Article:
Research & Innovation

Stevens Student Scholars Display Innovative Firepower at Summer Research Poster Session

Stevens has expanded the frontiers of American technological innovation for more than 140 years by educating the next generations of innovators to tackle the most challenging technological problems of our day.

On Oct. 16, two groups of standout Stevens students who are currently in training to be the nation’s future inventors, business leaders and entrepreneurs showcased an impressive display of innovative firepower at an event and poster session on the Stevens campus called “The Launch: From Design to Successful Start-up.”

“About 80 percent of America’s GDP comes from the creation of technology, but only about 4 percent of the workforce is responsible for the development and application of technology,” said Stevens Provost George Korfiatis in his welcome address. “You should be very proud of your contributions to the nation’s wealth and prosperity.” 

“The Launch” event presented the research of this year’s I&E Summer Scholars and Stevens Scholars.

The I&E Summer Scholars Research Program, led by the Stevens Office of Innovation and Entrepreneurship (OIE), engages outstanding Stevens students in summer research projects, guided by a faculty advisor, that have commercial potential, while also providing seminars on intellectual property, the technology-transfer process, and writing and presenting research.

The Stevens Scholars Program is a competitive, year-round, invitation-only research and design program which engages high achieving students in cutting-edge, applied discovery to solve important and challenging global problems, also under the guidance of a faculty advisor.

This year, both groups of scholars made remarkable research achievements in a wide variety of fields. Many research projects have progressed to the next level through patent filings, journal publications and research grants.

One scholar, Kevin Barresi, developed a method to visualize large data sets, which makes it simple to look at hundreds of webpages simultaneously. Five others—Nicole Miller, Jeffrey DeVince, Tara Callahan, Emily Nardone and Radhika Kasabwala—investigated neuron signals associated with the movement of extremities, with the goal of enabling a brain-computer interface to control a prosthetic limb without the need for surgery. Michelle Little and Julian Chavez’s work supported visual arts and design research to develop mobile apps to enable students to learn calculus, tour the Stevens campus, and discover art in the Museum of Thessaloniki. 

Thomas Tate worked on an electromechanical device to stimulate bone cells in knee replacement surgery—rather than more invasive battery technologyAdam Carabba studied the impact of Hudson River boat traffic on living shorelines, which can combat erosion. Sean Kelty helped create analytical algorithms of UV light data, which can increase understanding of the effects of global warming and aerosols on the environment. Paul Dubuke helped create timelines and animations to document how the storm surge from Hurricane Sandy flooded Hoboken, helping inform future storm protection and mitigation strategies.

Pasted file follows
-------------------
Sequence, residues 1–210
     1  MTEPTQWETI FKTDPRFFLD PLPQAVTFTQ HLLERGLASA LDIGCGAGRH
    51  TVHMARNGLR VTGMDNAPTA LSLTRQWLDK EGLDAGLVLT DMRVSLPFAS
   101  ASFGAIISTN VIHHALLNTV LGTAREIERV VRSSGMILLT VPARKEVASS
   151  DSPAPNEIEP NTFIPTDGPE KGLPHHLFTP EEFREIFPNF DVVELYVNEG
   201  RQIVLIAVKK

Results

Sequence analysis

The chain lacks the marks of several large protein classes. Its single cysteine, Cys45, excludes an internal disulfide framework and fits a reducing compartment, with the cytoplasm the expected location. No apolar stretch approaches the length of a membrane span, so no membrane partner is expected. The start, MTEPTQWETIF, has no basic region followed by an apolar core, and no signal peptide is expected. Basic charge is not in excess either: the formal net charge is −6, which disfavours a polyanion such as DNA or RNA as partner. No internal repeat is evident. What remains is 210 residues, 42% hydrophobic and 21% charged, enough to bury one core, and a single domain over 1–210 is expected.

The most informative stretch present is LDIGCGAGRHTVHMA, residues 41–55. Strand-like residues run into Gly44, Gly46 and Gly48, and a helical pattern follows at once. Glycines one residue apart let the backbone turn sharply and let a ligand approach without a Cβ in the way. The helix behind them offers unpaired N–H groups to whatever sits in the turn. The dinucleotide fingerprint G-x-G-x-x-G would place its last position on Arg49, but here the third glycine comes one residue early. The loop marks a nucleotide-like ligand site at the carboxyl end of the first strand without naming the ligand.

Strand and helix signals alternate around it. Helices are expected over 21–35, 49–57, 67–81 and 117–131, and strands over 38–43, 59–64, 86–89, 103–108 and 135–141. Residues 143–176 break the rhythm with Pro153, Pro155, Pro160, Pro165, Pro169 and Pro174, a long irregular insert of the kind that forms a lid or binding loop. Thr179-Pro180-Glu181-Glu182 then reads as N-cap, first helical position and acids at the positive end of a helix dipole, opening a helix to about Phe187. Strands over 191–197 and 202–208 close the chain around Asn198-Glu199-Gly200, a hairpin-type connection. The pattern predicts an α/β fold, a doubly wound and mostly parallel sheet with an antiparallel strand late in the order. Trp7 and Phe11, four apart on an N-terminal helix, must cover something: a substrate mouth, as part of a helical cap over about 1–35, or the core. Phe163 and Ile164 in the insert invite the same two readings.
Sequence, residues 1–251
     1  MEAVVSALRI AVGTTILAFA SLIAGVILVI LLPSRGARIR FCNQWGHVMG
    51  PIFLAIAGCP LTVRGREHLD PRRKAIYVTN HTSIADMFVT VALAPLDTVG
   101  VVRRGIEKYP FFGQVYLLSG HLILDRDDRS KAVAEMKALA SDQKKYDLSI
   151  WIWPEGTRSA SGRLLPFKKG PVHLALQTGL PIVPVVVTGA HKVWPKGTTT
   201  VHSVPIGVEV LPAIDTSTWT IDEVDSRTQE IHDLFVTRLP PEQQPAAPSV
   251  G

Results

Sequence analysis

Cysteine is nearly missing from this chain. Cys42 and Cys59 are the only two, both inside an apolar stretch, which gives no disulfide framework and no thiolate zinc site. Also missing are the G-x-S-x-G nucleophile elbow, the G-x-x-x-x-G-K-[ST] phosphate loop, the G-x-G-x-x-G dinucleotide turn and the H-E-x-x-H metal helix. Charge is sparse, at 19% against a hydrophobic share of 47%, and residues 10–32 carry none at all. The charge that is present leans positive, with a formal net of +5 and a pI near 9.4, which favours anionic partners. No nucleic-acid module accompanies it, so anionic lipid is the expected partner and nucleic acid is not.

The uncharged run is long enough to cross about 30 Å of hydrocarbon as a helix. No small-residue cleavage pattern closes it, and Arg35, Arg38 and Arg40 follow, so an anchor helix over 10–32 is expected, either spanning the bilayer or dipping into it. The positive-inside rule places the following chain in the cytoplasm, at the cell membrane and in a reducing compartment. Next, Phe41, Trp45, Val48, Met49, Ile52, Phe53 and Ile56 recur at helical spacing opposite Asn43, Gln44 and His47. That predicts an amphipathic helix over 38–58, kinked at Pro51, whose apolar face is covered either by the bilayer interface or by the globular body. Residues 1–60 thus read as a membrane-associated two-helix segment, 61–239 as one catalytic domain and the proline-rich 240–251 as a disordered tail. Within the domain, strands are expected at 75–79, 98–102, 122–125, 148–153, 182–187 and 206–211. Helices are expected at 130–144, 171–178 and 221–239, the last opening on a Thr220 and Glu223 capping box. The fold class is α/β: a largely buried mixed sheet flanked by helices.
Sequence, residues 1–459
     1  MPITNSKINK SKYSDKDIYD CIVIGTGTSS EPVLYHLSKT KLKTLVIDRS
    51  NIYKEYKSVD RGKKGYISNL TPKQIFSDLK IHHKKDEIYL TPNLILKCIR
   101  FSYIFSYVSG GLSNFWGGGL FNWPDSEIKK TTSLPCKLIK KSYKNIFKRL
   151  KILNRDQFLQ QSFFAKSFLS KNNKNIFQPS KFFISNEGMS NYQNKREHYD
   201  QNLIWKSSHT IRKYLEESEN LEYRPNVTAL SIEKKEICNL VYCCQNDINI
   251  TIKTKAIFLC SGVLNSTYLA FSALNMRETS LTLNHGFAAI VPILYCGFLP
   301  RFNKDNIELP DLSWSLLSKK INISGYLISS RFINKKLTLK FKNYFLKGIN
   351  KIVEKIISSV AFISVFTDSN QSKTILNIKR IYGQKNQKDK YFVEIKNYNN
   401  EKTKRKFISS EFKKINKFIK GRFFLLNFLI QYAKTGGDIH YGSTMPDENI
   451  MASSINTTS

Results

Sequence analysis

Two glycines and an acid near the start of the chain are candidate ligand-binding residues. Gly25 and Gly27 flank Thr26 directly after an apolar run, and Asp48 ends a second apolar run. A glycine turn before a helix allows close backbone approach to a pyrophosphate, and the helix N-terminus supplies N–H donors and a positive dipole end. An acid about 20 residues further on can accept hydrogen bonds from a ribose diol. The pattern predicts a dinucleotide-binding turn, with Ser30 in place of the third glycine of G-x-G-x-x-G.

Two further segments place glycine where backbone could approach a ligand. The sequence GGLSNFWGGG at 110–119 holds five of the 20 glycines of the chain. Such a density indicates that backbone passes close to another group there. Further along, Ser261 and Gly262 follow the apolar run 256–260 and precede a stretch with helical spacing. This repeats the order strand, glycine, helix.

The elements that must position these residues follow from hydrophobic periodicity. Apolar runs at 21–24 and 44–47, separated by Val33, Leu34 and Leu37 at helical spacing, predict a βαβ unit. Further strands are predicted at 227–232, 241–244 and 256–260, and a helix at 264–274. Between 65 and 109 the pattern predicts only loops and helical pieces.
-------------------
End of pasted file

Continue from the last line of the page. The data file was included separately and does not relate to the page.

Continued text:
Fred Florio conducted research to characterize and quantify different sources of error in gyroscopes, key components in many modern-day technologies, ranging from missile guidance to smartphones. Tyler Rishell’s research focused on improving the accuracy of a system to predict rip current activity. Mary Ann Collins investigated improving laser-induced blood coagulation methods for use during surgery. Julian Sexton worked on a program to analyze the security of Android apps. Another scholar, Matthew Bombard, developed a model to predict the movement of a currency’s price using news and social media data.

Scores of other projects ran the gamut from arts to finance to medicine and more.

Also on hand for “The Launch” event was technology entrepreneur Ariane Fisher ’95, a Stevens alumna who turned her Stevens senior design project into a high-profile start-up company. Fisher, a mother of six who studied mechanical engineering at Stevens and participated in the Cooperative Education program, worked as an engineer at Ford Motor Company before founding Storymix Media with her husband. Named to the Entrepreneur Magazine “100 Brilliant Companies” list in 2013, Storymix Media enables anyone to easily crowd source photos and videos from friends into unique, edited videos.

In a keynote address entitled, “"From Senior Design to Successful Start-up: Taking Your Stevens Experience from Theoretical to the Real World,” Fisher shared key insights from her own, bold entrepreneurial journey and offered tips to budding Stevens entrepreneurs on leveraging a classroom education in the competitive start-up arena and getting into a business incubator.

Fisher said Stevens students have unique advantages as entrepreneurs, given their experience handling a substantial and difficult workload during college.

“That really does prepare you for the start-up world, where you have to be everything for your company, from sales to payroll to IT to social media,” Fisher said.

She also said Stevens prepares budding entrepreneurs to think through problems, conduct research, analyze data, and change course when necessary.

“At Stevens that is called the scientific method, but in the start-up community that’s called ‘fail fast,’ adjust, correct and move on,” she said.

With 38,000 living alumni—each one a potential customer—the network you gain through Stevens is yet another asset of Stevens innovators, Fisher said.

Learn more about research at Stevens at stevens.edu/research.